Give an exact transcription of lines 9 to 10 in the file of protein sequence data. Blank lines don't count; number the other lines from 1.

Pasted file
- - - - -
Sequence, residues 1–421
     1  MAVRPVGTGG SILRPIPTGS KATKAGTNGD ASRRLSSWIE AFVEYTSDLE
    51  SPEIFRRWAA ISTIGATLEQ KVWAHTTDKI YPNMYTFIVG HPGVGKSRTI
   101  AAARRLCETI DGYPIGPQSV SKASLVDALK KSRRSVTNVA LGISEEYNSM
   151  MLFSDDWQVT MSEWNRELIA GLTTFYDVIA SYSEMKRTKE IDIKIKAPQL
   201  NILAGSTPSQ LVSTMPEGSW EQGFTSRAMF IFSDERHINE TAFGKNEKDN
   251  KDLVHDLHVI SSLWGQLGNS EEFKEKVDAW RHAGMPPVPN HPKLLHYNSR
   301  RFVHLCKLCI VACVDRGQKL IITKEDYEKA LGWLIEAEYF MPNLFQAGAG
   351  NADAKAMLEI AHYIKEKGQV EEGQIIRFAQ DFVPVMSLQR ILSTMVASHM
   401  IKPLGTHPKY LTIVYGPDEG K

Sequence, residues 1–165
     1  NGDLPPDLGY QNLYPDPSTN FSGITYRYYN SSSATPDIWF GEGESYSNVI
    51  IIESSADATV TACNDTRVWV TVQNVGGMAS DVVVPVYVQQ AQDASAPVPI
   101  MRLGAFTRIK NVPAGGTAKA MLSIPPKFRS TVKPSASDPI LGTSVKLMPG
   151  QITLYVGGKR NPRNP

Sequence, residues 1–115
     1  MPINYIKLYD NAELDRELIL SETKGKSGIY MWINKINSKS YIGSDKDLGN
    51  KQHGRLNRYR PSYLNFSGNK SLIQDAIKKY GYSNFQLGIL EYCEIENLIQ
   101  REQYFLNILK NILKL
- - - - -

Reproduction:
   351  NADAKAMLEI AHYIKEKGQV EEGQIIRFAQ DFVPVMSLQR ILSTMVASHM
   401  IKPLGTHPKY LTIVYGPDEG K